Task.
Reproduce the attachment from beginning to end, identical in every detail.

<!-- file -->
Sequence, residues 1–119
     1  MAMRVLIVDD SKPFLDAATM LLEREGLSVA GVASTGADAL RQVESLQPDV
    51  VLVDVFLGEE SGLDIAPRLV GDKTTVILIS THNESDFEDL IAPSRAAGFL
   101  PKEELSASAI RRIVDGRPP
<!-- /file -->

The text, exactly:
Sequence, residues 1–119
     1  MAMRVLIVDD SKPFLDAATM LLEREGLSVA GVASTGADAL RQVESLQPDV
    51  VLVDVFLGEE SGLDIAPRLV GDKTTVILIS THNESDFEDL IAPSRAAGFL
   101  PKEELSASAI RRIVDGRPP